Phenotypic parameters for production characteristics of Angora goats
IT is of fundamental importance that scientific breeding knowledge should be available for the drafting of efficient breeding plans. Such breeding plans in turn, enable breeders to select more purposefully and thereby make faster breeding progress within their flocks. The procedure which is followed to develop a system of selection for the improvement of production characteristics through improved breeding, is generally described by the following stadia:
- Identification of the economically important characteristics and the determination of the relative value of each.
- Ascertaining the degree of variation in each of these characteristics.
- Determination of the degree to which characteristics are transferred to the offspring and whether any relationship exists between the various characteristics. Heredity and genetic correlations are of fundamental importance in the long-term improvement of breeding. Repeatability and phenotypic correlations are more inclined to give an indication of the improvement, which can be expected in the present flock, through selection. Repeatability is often referred to as the top margin of heredity and the concept of repeatability are generally defined as the degree to which individual animals maintain their superiority throughout their productive life with regard to specific characteristics.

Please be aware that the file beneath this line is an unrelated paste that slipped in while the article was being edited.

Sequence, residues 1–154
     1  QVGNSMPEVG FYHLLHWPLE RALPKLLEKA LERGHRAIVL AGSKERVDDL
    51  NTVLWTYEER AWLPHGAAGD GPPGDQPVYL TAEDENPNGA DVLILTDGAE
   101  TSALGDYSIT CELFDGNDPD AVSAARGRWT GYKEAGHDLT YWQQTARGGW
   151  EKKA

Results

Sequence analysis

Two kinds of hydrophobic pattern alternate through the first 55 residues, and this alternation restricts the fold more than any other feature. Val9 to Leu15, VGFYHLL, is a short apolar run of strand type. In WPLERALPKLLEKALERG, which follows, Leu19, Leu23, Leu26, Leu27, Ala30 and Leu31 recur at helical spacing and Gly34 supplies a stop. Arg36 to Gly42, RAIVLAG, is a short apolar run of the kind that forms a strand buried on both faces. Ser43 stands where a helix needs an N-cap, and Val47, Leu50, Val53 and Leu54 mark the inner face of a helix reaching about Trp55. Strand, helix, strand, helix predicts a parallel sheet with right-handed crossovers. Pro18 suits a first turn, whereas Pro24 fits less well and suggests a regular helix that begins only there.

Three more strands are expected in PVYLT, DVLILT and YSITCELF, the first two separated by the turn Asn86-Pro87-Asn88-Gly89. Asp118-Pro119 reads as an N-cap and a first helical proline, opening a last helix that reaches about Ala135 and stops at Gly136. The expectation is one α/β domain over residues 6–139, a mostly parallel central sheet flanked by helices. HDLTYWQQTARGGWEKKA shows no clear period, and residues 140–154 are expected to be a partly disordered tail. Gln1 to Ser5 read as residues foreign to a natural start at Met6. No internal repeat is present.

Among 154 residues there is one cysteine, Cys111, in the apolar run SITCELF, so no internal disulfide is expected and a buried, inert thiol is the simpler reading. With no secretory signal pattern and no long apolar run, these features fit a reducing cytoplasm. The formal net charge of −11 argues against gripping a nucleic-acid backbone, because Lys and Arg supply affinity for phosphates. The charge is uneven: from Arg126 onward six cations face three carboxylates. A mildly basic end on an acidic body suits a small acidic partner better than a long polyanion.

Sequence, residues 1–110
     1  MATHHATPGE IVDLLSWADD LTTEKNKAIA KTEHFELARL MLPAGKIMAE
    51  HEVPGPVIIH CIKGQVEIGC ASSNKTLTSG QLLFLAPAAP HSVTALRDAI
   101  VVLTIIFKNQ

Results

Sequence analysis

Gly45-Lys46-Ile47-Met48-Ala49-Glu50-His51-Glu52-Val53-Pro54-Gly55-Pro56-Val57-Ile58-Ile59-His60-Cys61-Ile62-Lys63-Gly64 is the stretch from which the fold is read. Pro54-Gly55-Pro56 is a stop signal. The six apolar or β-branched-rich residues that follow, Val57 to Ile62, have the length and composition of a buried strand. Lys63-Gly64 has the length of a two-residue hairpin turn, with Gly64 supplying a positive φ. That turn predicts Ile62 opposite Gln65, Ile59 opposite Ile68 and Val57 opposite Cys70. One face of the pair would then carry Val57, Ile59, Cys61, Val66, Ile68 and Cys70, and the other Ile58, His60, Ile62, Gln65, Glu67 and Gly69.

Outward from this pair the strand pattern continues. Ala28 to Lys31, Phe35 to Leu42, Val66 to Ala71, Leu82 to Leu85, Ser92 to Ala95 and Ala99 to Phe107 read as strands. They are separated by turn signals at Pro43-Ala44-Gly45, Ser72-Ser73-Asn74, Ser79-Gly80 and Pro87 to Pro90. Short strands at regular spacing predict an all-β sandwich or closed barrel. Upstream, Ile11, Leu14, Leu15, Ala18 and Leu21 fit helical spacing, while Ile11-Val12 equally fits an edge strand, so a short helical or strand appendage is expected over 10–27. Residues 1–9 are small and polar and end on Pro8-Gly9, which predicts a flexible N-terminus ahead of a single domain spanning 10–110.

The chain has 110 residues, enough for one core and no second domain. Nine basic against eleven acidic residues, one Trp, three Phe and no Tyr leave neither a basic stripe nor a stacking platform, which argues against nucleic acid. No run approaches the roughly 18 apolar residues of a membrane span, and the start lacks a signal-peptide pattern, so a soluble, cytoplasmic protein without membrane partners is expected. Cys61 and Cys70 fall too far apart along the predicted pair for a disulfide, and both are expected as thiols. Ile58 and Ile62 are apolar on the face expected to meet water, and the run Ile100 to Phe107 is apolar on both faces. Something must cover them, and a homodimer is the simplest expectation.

The following results were found in a study in which a full fleece analysis was carried out every four months on a group of 75 unselected Angora goats in the flock of the: Grootfontein Agricultural College:
Variation in characteristics
Table 1 shows average production values, standard deviations and coefficient of variation. The pooled average can serve as an indication of the production level under veld conditions on the Jansenville experimental farm.
The figures in Table 1 correspond well with those of earlier findings. Although lustre may be of economic importance, Table 1 shows a low coefficient of variation for this characteristic. The potential for selection for this characteristic is thus low. The percentage clean yield and percentage pure mohair show similar low coefficients of variation.
Some of the characteristics shown in Table 1 can only be measured at great cost and should therefore not be considered as routine measurements for selection. These characteristics include for example straight length, staple size, felting ability, suint percentage and pH, S/P ratio, follicle density and thickness of skin. Repeatability estimates and phenotypic correlations will therefore be restricted to characteristics which can be considered for inclusion in a performance testing scheme which will eventually serve as information upon which selection can be based.
Repeatability can be defined as the ratio between the components of variation, which cause permanent differences between animals and those, which cause differences between measurements on the same animal.